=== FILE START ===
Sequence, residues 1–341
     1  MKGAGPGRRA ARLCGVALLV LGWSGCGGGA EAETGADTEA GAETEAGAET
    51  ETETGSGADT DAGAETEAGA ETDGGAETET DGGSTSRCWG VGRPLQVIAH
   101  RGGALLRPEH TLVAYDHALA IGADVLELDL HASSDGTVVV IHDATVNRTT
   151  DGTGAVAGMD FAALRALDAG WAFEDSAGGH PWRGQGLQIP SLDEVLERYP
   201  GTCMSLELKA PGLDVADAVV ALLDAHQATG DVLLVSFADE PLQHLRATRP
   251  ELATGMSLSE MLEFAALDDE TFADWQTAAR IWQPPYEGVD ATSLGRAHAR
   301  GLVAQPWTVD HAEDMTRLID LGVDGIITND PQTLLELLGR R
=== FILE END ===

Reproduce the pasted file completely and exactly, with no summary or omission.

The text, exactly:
Sequence, residues 1–341
     1  MKGAGPGRRA ARLCGVALLV LGWSGCGGGA EAETGADTEA GAETEAGAET
    51  ETETGSGADT DAGAETEAGA ETDGGAETET DGGSTSRCWG VGRPLQVIAH
   101  RGGALLRPEH TLVAYDHALA IGADVLELDL HASSDGTVVV IHDATVNRTT
   151  DGTGAVAGMD FAALRALDAG WAFEDSAGGH PWRGQGLQIP SLDEVLERYP
   201  GTCMSLELKA PGLDVADAVV ALLDAHQATG DVLLVSFADE PLQHLRATRP
   251  ELATGMSLSE MLEFAALDDE TFADWQTAAR IWQPPYEGVD ATSLGRAHAR
   301  GLVAQPWTVD HAEDMTRLID LGVDGIITND PQTLLELLGR R